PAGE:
Mike Simmons – station director

Interestingly throughout the article, she is referred to as a girl, not a woman. The only known studio footage of her death is under lock and key at an undisclosed American law firm with instructions that it is never released.

In 2013, internet purveyors of low-grade clickbait journalism Vice were roundly criticised for publishing a fashion spread featuring famous female writers who took their own lives. Sylvia Plath, Charlotte Perkins Gilman and Iris Chang all starred, with models posed depicting their final moments.  In fabulous gowns, of course. No doubt Vice thought it arty, provocative and challenging.  Instead, public response was generally one of outrage and derision. The article was subsequently removed from the site. Incidentally, four years later Vice would find themselves at the centre of a sexual harassment. Several female employees alleged that they had been pressured for sex, groped, or been the subject of lewd remarks by male colleagues. The too sexy to live “Last Words” spread really shouldn’t have been such a surprise.

So, it appears that not much has changed when it comes to the fetishisation of and fascination with female suicide. Although male suicide is frequent, it is more shocking when a female takes that final step. Women are traditionally seen as emotional creatures, given to seeking help and talking about their feelings,  willing to listen to others. When someone of the sex with the power to make life eradicates her own, it disturbs the natural order of things. It makes a compelling final statement. We should remember though, the lives and triumphs of these women, as well as the tragedies.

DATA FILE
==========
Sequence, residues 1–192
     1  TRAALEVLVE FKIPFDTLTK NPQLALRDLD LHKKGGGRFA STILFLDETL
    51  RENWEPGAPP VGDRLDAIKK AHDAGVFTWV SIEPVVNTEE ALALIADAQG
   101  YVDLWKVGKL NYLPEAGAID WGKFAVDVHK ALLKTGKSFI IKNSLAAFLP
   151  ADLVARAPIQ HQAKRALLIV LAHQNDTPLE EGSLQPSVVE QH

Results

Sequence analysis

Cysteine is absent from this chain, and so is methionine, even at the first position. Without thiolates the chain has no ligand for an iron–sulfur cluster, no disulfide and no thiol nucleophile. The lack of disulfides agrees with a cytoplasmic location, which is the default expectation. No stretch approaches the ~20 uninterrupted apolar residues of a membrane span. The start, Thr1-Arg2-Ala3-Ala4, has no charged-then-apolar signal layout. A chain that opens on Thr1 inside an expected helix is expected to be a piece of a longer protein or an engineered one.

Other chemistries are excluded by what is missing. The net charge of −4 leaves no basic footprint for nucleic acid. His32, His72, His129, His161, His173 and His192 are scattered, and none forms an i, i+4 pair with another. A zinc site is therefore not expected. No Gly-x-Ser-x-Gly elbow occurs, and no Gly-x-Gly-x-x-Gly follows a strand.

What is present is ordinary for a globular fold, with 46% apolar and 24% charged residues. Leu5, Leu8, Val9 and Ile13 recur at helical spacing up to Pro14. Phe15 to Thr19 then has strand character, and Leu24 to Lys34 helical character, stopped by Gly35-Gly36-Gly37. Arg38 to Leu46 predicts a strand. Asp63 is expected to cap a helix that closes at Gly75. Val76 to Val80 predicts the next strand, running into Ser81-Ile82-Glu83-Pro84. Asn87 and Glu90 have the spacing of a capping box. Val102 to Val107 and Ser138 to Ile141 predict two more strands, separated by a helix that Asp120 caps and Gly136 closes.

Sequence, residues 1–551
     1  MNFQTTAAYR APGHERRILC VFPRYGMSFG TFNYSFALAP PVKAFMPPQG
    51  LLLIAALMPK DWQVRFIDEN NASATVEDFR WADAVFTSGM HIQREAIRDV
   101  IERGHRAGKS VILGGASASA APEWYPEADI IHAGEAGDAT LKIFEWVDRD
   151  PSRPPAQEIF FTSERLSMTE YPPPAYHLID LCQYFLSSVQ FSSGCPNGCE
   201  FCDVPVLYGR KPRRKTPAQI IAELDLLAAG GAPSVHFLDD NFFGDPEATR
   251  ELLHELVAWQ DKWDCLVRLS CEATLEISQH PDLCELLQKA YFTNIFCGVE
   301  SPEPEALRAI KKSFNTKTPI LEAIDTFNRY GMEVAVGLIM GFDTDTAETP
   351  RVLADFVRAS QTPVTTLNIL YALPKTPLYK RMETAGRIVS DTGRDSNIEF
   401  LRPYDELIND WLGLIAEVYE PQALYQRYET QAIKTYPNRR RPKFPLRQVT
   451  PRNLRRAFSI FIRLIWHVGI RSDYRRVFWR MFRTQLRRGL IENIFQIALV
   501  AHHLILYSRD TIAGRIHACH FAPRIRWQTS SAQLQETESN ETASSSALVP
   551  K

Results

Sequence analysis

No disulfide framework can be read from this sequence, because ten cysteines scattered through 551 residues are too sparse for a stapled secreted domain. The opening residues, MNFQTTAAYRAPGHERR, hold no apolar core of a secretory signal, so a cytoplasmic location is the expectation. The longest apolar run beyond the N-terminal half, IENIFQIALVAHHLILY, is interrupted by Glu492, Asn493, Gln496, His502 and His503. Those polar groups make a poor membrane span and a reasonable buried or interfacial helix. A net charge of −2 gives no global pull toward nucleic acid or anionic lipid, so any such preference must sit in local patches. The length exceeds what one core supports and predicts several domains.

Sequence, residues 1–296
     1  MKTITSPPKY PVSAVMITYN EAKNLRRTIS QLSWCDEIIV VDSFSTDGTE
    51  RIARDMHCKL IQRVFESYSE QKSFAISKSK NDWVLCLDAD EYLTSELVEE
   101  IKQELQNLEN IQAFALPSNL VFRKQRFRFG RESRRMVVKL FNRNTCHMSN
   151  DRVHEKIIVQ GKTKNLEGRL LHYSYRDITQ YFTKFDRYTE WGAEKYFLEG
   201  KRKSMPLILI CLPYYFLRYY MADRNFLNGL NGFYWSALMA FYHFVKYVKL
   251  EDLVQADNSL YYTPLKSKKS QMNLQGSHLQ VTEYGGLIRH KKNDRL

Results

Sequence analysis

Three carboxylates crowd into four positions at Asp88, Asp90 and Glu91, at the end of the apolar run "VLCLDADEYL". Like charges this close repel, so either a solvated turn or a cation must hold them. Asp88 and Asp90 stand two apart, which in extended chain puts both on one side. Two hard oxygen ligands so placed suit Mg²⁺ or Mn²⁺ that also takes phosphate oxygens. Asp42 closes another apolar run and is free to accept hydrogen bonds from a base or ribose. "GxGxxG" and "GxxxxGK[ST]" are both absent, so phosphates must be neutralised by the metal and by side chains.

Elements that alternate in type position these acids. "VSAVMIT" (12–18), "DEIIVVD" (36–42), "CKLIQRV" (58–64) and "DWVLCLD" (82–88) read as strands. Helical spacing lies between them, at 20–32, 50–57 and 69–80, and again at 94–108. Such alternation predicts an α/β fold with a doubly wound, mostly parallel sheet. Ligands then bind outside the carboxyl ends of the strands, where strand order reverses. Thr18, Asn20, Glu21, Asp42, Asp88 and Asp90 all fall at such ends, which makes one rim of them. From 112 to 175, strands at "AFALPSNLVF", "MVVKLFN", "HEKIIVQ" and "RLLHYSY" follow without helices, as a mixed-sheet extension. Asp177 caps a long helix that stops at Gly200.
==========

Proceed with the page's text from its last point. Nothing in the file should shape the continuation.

You’ve got to laugh…

This post examines the different ways in which suicide is portrayed in comedy. Having being bereaved by suicide, it is not my intention to mock anyone who has been through this, I simply feel that it is a topic that I would like to explore. Please keep this in mind should you choose to read on.

Continue reading “You’ve got to laugh…”


Preserving a memory…

You’re dead but the world keeps spinning
Take a spin through the world you left
It’s getting dark a little too early
Are you missing the dearly bereft?

Last Stop This Town – Eels

Mark Oliver Everett, better known as ‘E’ of the band Eels wrote the above song as a tribute to his sister Elizabeth following her suicide in 1996, it appears on their 1998 album Electro-Shock Blues. The lyrics reference Elizabeth stopping by to say hello on the way to wherever she had to go after death. It is a beautiful song.


To many, memorialising the death of a loved one is an important part of grieving. When the passing is a result of a suicide, deciding on the best way to honour a life can be an overwhelming thing to deal with for some. Unanswered questions, shame, anger, and despair can all make ensuring that a legacy is respectful and dignified seem very difficult indeed.